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Clayton, Missouri


Clayton, Missouri

Clayton, Missouri
Nickname(s): Claymo
Location in Missouri
Location in Missouri
U.S. Census Map
U.S. Census Map
Country United States
State Missouri
County St. Louis
Settled 1877
Incorporated 1913
 • Type Mayor-council city
 • Mayor Linda Goldstein
 • Total 2.48 sq mi (6.42 km2)
 • Land 2.48 sq mi (6.42 km2)
 • Water 0 sq mi (0 km2)
Elevation 568 ft (173 m)
Population (2010)[2]
 • Total 15,939
 • Estimate (2013)[3] 15,884
 • Density 6,427.0/sq mi (2,481.5/km2)
Time zone Central (UTC-6)
 • Summer (DST) Central (UTC-5)
ZIP code 63105
Area code(s) 314
FIPS code 29-14572[4]
GNIS feature ID 0755896[5]
Website City of Clayton

Clayton is a city in and the

  • City of Clayton official website
  • Clayton History Society
  • Old Town Clayton

External links

  1. ^ a b "US Gazetteer files 2010".  
  2. ^ a b "American FactFinder".  
  3. ^ "Population Estimates".  
  4. ^ a b "American FactFinder".  
  5. ^ "US Board on Geographic Names".  
  6. ^ "Find a County". National Association of Counties. Retrieved 2011-06-07. 
  7. ^ "Race, Hispanic or Latino, Age, and Housing Occupancy: 2010 Census Redistricting Data (Public Law 94-171) Summary File (QT-PL), Clayton city, Missouri". U.S. Census Bureau, American FactFinder 2. Retrieved October 19, 2011.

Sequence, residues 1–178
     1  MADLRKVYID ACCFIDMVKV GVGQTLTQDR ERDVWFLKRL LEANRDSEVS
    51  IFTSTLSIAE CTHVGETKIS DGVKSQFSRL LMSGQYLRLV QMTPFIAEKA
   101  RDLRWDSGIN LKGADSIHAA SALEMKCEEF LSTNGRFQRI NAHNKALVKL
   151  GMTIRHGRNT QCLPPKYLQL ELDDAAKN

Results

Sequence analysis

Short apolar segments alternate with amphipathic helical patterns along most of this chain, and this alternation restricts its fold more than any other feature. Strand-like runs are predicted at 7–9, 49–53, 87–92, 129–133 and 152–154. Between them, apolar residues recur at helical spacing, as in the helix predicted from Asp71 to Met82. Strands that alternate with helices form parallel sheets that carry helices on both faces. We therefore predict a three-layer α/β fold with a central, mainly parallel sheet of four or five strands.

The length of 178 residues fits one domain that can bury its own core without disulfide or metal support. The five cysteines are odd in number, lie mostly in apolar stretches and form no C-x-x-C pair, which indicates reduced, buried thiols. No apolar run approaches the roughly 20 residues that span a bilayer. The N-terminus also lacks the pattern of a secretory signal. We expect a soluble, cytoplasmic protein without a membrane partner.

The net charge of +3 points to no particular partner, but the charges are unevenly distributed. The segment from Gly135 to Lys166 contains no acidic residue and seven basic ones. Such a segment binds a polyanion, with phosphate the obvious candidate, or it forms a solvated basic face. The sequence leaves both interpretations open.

8. ^ Eaton, David Wolfe (1918). How Missouri Counties, Towns and Streams Were Named. The State Historical Society of Missouri. p. 359. 
  9. ^ "Annual Estimates of the Resident Population for Incorporated Places: April 1, 2010 to July 1, 2014". Retrieved June 4, 2015. 
  10. ^  
  11. ^ a b c "City of Clayton CAFR" (PDF). City of Clayton. March 27, 2013. p. 85. Retrieved July 6, 2013. 
  12. ^ "We're Brown Shoe." Brown Shoe Company. Retrieved on January 23, 2010.
  13. ^ "Frequently Asked Questions." Enterprise Rent-a-Car. Retrieved on June 14, 2009. Archived November 3, 2013 at the Wayback Machine
  14. ^ Van Der Werf, Martin. "Isle of Capri will move HQ to Creve Coeur." St. Louis Post-Dispatch. January 28, 2006. Third Edition, Business A31. Retrieved on August 19, 2009.
  15. ^ "Employment Opportunities." Straub's Markets. Retrieved on July 12, 2010. Archived December 21, 2013 at the Wayback Machine
  16. ^ a b c "Clayton city, Missouri." U.S. Census Bureau. Retrieved on June 13, 2009.
  17. ^ Saint Louis - Clayton Business District
  18. ^ St. Louis Art Galleries - Clayton Business District
  19. ^ Retrieved on November 12, 2009 Archived March 1, 2012 at the Wayback Machine
  20. ^ "Danforth Campus Map." Washington University in St. Louis. Retrieved on June 13, 2009.
  21. ^ Maryland School to Host Wilson Students Displaced by Fire - Schools - Clayton-Richmond Heights, MO Patch
  22. ^ Clayton History Society | History Of Clayton Schools
  23. ^ "Mid-County Branch." St. Louis County Library. Retrieved on August 18, 2009.


St. Louis County Library operates the Mid-County Branch in Clayton.[16][23]

Public libraries

[22] case abolishing segregated schools, Crispus Attucks School was closed and demolished (an office building was constructed on its former grounds in downtown Clayton).Brown v. Board of Education DeMun School burned in a fire and was replaced by Ralph M. Captain Elementary, and in the wake of the [21] The